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Frivolous Distraction, or Useful Social Platform and Training Tool?

Road cycling has always been fraught with technical controversy, for as long as I can remember. Back when we all rode 5-speed freewheels (not cassettes, mind you), the newfangled 6-speeds came out. Riders were divided and highly opinionated as to the efficacy of this new “gimmick.” Soon after, some of us embraced heart rate monitors, while the purists mocked us. Cycling computers were introduced, and many riders derided them (clever intentional wordplay) while other riders saw them for the useful tool they were. We lived through Biopaced chainrings, high-profile wheels, disc brakes, clipless pedals; always something new. And sometime after 2010 came Strava, and we had something new to disagree about.

Strava may be the richest, most feature-laden sports app on the interwebs. At times, it’s even intrusive, taking your data from a crappy ride and putting it out there for all your friends to scorn and laugh at. (You know who you are, and retribution shall be mine.) At the beginning, Strava seemed like a nice, tight way to track your miles and some other essentials such as average and maximum heartrate and average and max speed. But Strava soon became more than that. And with that, for some riders, came Strava obsession.


For some, Strava is a platform for following their cycling friends’ activities, a social network of cyclists, and a training tool. What has emerged as the most dominant feature of Strava, though, is the “segment” feature. Users can enter segments of a ride anywhere from 1/10ths of a mile up to dozens of miles. When you ride a segment, your time is ranked with all other Strava riders who also rode this segment, and your time can be collated by age group, weight group, sex, or time span, including all-time, current year, or even day. For example, years ago I made a segment called “Shivwitz neighborhood to Kayenta entrance.” (Pro tip: When naming a segment, make sure your description is clear. Avoid segment names that are a non sequitur, like the famous “Miss Lippy’s Car is Green” segment on Utah Hill.) Fifteen Strava users rode the Shivwitz segment today at various times this morning, and all their times are recorded. Strava tells me that for the 1.3-mile segment (which I’ve done 605 times since 2012) I averaged 25.1 mph, averaged 109 bpm heartrate, and averaged 121 watts. That’s a lot of data that tells me that I wasn’t riding very hard.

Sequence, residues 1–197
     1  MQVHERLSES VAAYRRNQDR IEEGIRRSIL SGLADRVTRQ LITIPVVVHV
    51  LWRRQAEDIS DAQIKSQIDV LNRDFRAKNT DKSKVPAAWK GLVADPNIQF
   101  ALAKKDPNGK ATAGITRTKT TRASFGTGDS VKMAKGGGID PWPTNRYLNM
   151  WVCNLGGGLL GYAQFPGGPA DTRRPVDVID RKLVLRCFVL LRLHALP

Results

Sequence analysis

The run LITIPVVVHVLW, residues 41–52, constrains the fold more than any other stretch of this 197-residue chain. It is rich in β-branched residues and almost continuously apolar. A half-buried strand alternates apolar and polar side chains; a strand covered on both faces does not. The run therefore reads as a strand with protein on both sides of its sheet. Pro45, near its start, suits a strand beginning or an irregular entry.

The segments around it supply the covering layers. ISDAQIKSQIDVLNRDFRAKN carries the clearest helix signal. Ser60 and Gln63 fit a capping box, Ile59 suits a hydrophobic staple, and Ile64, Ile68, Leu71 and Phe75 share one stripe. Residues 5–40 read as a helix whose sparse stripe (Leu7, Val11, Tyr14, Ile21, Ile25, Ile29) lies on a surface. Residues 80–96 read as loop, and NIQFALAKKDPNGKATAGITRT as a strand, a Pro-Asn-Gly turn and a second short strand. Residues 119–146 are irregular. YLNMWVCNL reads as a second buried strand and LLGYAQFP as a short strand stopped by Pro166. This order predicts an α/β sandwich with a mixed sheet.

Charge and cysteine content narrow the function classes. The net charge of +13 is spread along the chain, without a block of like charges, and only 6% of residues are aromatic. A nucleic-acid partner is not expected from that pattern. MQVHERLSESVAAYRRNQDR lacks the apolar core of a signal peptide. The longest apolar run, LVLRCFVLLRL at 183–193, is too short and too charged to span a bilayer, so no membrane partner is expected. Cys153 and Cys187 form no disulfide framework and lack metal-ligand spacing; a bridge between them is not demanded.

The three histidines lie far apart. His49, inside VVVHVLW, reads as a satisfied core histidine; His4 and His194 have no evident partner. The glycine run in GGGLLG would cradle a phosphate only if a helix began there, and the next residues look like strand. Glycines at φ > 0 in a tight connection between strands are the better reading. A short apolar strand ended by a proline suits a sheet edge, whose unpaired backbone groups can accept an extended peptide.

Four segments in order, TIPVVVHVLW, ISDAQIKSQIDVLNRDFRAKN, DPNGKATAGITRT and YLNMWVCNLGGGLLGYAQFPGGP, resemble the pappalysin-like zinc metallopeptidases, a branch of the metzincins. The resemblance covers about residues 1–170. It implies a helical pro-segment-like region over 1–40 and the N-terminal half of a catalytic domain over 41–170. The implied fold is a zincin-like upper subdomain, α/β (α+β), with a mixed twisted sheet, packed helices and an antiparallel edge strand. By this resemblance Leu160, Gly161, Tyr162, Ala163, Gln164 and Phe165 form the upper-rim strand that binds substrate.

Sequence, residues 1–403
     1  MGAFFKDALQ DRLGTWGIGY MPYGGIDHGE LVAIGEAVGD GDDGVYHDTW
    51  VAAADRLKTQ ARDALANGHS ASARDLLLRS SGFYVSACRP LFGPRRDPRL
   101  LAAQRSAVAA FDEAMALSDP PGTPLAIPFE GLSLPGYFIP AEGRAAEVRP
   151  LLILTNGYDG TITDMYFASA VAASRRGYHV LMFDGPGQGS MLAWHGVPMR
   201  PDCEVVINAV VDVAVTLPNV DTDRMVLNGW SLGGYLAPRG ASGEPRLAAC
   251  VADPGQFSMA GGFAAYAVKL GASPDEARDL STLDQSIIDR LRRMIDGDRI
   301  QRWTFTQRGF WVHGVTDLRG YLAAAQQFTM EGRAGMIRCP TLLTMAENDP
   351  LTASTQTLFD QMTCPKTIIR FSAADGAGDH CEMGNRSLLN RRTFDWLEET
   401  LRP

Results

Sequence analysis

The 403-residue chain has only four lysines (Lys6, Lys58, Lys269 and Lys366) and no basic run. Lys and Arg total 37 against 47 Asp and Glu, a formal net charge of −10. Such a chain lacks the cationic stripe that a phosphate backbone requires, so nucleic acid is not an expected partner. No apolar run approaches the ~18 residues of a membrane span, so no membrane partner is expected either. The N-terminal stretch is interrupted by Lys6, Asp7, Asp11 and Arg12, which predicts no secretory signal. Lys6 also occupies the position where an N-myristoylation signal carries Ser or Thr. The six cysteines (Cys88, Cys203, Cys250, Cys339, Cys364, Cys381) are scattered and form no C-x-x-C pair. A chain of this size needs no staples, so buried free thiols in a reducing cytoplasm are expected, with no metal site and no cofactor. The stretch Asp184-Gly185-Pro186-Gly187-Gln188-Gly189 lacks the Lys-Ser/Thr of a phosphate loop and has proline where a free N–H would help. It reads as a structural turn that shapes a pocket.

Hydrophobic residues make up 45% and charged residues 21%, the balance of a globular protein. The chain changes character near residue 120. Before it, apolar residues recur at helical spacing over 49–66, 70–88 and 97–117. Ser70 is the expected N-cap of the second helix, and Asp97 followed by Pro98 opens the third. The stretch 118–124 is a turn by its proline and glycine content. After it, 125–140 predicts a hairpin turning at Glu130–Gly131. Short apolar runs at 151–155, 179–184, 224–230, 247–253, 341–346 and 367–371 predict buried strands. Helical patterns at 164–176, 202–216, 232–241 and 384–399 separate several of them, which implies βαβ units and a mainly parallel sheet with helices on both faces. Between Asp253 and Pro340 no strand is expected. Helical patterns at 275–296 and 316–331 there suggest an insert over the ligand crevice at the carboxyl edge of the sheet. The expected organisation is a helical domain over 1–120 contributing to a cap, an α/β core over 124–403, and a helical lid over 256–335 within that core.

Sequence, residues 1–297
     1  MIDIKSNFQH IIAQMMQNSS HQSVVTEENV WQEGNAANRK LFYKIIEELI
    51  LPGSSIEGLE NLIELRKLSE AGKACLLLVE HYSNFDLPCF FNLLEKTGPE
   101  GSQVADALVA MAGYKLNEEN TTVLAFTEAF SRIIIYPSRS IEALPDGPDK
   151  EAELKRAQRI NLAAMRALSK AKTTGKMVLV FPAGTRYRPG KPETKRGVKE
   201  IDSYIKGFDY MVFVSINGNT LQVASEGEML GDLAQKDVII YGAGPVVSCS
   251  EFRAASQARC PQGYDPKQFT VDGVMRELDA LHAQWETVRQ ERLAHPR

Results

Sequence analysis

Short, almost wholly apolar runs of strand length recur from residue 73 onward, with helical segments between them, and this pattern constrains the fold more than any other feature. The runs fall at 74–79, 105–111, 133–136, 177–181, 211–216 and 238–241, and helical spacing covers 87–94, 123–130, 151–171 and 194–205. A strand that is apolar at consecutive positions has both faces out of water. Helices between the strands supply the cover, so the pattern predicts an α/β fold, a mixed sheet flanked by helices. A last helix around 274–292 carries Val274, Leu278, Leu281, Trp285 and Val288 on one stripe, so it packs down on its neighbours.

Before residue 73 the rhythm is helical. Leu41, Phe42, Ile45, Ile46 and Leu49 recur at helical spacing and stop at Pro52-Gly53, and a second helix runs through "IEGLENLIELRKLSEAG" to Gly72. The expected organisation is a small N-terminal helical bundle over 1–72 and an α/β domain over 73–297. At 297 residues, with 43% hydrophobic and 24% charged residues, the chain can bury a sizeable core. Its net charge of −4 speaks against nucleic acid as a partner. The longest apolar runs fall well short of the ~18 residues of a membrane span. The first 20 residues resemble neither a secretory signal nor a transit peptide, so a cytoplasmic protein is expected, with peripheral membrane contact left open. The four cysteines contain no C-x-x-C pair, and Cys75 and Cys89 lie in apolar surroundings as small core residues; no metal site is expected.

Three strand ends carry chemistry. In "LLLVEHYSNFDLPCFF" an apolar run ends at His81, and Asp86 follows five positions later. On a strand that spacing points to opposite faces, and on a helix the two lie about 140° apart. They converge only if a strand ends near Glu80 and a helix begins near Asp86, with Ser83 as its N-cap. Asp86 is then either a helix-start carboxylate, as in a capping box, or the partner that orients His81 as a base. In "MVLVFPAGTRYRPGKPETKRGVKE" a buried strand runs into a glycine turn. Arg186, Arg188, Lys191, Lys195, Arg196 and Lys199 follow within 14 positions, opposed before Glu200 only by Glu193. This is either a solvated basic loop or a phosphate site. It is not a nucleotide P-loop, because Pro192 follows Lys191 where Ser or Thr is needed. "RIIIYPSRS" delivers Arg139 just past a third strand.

Other than the ability to leave messages for your Strava friends, gleefully blurting out inanities like “GOOD JOB!” there’s a lot of data to be harvested and archived on Strava, and that is appealing to me. I use it to measure my own performance and to an extent to compare with my friends. Having this plethora (or cornucopia, if you will) of data is a great resource and it allows a cyclist to really dig into their workouts on the bike.

Strava can be misused, though. Probably the most annoying misuse of Strava is the act of “segment hunting.” This is when you plod into a 40 mph headwind for five miles, turn around, and get a KOM coming back by virtue of a ginormous tailwind. Seriously? And if you average 43 mph for seven miles of climbing with your heartrate averaging 71 bpm, I have to assume you have Strava on while you’re climbing Utah Hill in your ’09 Subaru Forester. Show some class, will you?? Delete that “workout” that resulted in a KOM.